Let’s get this out from the beginning – this for us was much more than just a tour of Melbourne’s sporting precincts. So whatever you do, do not let the name put you off. If you are new to Melbourne or planning a visit there and want a full day out and a great overview of everything that Melbourne has to offer (not just sporting icons), we would highly recommend you contact Melbourne Sports Tours.
We met our guide at 8:30 in the morning, wearing comfortable walking shoes and clothing that we wouldn’t get too hot in (you never know with Melbourne weather!). If you’re worried about this though, you will be able to leave any extra camera bags or clothing on the tour bus throughout the day. Our tour went all day, right up until 5pm, so prepare yourself for a possibly tiring day but one you will thoroughly enjoy, whether a sports lover or not.
There are a variety of tours available, depending on your budget and interests. View the full list at http://www.melbournesportstours.com.au/city_sports_tours.html.
The Ultimate Sports Lovers Tour has a full itinerary, covering all of Melbourne’s major sporting complexes.
Flemington: Our first stop was Flemington Raceway. Though still cool at that time of the morning, it felt like the perfect time while the track was still wet with dew and the air crisp and fresh. You could easily imagine the horses and their trainers getting up bright and early to go through their paces. Home of the Melbourne Cup, the race that stops the nation, you can stand on the finish line, and see true-to-size statues of some of our greatest horses and their trainers, include Makybe Diva and Bart Cummings. View the stabling areas, see where the race stewards sit, and the special seating reserved for the VIPs. Even for those with no particular interest in racing, it’s a beautiful venue and fantastic to see and experience in real life.
Commonwealth Games Athletes Village: One thing that we appreciated about the tour was that our guide did not just stick to main routes to get to the major destinations, which allowed us the chance to drive through the streets that were the original Athletes Village, now home to ordinary Australians.
Albert Park: Our tour timing was well-planned, as only a week earlier was the Melbourne F1 Grand Prix, which would have put this part of the tour out of action. Thankfully, we were still able to drive around the circuit, passing the Melbourne Sports & Aquatic Centre on the way, and do a not-so-quick take-off at the starting line.
Rod Laver Arena: Walk through the players’ change rooms where the top tennis players prepare for their game at the Australian Open Championships each January. The roof was over the Arena during our time there, but it was still an incredible sight and much larger than it looks on TV. It would be a very imposing theatre for any player. We walked through the halls containing pictures of all the winners through history, and finally went into the Media Room. This was definitely not what we expected – quite small in size, but still gave us a thrill to sit in the chair where so many champions had sat before.
Etihad Stadium: When lunchtime came around, we had more than worked up an appetite. Thankfully, our guide had taken our orders early and so there was only a very brief wait for our meals when we arrived at Etihad Stadium (formerly Telstra Dome). Our tables sat overlooking the field and one could imagine the atmosphere here during a game. It really was a great stadium (though being Queenslanders, our hearts will always claim Suncorp Stadium (or the old Lang Park) as the greatest of all). For the record, our meals were absolutely delicious, and setting aside the venue, if you’re just after somewhere with great meals, we can highly recommend here.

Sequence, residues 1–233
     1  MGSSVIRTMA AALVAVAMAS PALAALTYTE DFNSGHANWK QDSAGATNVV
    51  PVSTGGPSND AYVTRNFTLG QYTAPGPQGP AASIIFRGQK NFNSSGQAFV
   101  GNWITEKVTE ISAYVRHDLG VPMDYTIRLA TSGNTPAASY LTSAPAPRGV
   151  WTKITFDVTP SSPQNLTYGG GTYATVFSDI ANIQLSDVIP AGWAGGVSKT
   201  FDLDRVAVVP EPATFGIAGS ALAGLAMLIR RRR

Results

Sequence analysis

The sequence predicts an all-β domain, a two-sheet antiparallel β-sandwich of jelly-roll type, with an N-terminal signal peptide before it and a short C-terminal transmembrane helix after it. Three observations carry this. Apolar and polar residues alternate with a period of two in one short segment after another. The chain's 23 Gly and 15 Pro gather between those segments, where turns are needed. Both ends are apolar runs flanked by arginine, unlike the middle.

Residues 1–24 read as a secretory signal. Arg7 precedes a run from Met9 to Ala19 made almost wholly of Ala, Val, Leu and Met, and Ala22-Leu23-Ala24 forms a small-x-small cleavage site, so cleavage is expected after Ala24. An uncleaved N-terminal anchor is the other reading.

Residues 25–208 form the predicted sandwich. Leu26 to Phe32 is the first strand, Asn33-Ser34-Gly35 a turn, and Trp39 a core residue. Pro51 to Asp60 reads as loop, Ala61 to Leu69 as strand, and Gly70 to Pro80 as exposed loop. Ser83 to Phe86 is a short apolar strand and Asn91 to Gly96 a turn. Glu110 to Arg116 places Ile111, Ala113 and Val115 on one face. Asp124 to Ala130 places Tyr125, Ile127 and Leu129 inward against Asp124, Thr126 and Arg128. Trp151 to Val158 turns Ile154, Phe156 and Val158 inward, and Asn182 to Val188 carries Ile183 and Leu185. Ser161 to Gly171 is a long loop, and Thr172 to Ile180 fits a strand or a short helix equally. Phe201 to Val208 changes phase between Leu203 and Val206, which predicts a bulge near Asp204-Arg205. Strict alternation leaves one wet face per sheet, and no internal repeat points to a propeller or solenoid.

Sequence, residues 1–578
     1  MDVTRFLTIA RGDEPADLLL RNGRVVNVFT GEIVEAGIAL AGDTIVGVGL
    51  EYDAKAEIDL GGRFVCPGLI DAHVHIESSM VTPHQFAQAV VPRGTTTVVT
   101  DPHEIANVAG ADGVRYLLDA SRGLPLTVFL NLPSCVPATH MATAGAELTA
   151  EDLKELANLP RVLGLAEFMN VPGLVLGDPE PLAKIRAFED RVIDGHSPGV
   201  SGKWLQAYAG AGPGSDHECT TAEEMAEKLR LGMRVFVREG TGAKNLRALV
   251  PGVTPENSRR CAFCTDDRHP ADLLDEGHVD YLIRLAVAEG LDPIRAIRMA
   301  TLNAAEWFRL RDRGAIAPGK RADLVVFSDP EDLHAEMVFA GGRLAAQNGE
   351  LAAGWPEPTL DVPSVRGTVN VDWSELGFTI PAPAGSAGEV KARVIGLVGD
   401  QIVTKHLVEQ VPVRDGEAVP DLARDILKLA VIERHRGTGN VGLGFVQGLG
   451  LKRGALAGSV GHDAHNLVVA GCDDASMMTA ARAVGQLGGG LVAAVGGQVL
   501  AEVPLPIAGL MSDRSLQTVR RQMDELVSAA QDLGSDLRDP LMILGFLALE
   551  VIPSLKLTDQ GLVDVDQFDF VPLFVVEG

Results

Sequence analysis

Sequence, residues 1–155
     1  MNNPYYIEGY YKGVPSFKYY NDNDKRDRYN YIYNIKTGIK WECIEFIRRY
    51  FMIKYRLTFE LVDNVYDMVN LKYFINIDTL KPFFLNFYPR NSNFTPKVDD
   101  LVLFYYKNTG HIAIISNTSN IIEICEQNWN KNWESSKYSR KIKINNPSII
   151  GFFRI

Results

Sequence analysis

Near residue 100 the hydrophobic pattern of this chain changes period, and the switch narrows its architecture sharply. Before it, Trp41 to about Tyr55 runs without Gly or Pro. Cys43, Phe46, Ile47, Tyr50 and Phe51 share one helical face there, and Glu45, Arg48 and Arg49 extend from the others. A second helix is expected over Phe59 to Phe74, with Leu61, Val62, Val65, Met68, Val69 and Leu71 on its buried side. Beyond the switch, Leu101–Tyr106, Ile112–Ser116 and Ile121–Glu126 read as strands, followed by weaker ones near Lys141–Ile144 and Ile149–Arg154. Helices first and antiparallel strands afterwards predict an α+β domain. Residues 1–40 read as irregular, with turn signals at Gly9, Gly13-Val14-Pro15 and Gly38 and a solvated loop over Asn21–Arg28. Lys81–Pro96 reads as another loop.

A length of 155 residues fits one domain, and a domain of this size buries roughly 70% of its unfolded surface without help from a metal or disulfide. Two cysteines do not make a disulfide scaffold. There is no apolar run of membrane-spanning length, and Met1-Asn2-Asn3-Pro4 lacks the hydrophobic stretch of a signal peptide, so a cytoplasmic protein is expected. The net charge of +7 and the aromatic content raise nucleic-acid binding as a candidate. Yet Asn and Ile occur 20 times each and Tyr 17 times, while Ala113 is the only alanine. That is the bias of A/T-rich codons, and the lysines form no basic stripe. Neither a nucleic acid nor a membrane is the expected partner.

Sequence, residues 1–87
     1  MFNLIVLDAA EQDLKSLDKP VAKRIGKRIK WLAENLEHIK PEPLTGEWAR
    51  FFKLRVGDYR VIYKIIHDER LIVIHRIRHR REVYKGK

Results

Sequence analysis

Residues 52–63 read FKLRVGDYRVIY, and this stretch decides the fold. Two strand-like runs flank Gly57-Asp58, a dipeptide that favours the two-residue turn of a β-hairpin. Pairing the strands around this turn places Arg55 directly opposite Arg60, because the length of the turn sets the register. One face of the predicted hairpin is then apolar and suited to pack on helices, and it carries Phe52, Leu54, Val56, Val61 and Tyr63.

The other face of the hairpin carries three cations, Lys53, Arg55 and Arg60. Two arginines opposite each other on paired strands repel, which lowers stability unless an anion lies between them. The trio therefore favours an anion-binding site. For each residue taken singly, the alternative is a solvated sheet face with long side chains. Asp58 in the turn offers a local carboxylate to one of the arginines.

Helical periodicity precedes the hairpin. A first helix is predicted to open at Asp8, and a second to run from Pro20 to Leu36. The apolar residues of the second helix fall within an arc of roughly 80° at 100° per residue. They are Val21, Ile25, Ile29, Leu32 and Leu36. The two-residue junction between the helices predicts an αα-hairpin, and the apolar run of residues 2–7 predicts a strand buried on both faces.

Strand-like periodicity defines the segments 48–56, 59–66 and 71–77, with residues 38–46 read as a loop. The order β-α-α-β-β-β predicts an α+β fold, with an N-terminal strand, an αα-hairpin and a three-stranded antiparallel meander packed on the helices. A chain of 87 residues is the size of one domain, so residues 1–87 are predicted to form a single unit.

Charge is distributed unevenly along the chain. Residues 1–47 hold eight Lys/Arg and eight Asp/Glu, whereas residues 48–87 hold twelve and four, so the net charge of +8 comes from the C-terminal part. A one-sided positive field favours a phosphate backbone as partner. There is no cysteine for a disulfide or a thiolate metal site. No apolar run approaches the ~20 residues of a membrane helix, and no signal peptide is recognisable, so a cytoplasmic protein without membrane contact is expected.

MCG: After lunch, it was time to tour the grandest venue of all – the Melbourne Cricket Ground, home to the 1956 Olympics, Melbourne 2006 Commonwealth Games, International Cricket and Australian Rules Football. Features of our tour, which was hosted by a humorous elderly member of the Cricket Club, included the Northern Stand, Coaches’ box, Players’ change rooms (football and cricket), Cricket viewing room, Long Room, Bill Lawry Cricket Centre, The Ponsford Stand, MCG Museum, and a walk on the hallowed turf. Standing on the lawn at the foot of the grandstands, it truly is a sight to behold. It would be well worth booking a ticket to a full-house match here just for the experience and atmosphere alone. The history behind the venue and it’s location was fascinating, and again we appreciated the extra detail and information put into the tour.
National Sports Museum: Located beneath the MCG, the Museum features more than 2,500 sporting artefacts and extensive multimedia displays. One we were truly blown away by was the Shane Warne lightshow – so well done that it really seems as if he is right in front of you in the locker room. A must-see if you do visit the Museum. The Museum showcases all the great moments in Australia’s sporting history, covering Australian football, boxing, basketball, cricket, cycling, Olympic and Paralympic Games, soccer, tennis, rugby union, rugby and rugby league. We particularly loved the interactive area (great for big and little kids), where you can try your hard at Archery, Soccer, Football, hand-eye coordination activities and more. You could easily spend a few hours here exploring all it has to offer.
The Ultimate Sports Lovers Tour runs from 8:30am – 5pm.
$145pp. This includes all entry fees for the day as well as lunch.
We were very tired by the end of the day, but thrilled to have seen so much and somewhat surprised by how much more our guide showed and told us about the city. We wish we had done it when we first visited Melbourne months ago, as it will give you a fantastic idea of the layout of the city, and the most important places to visit with both historical, sporting and cultural significance.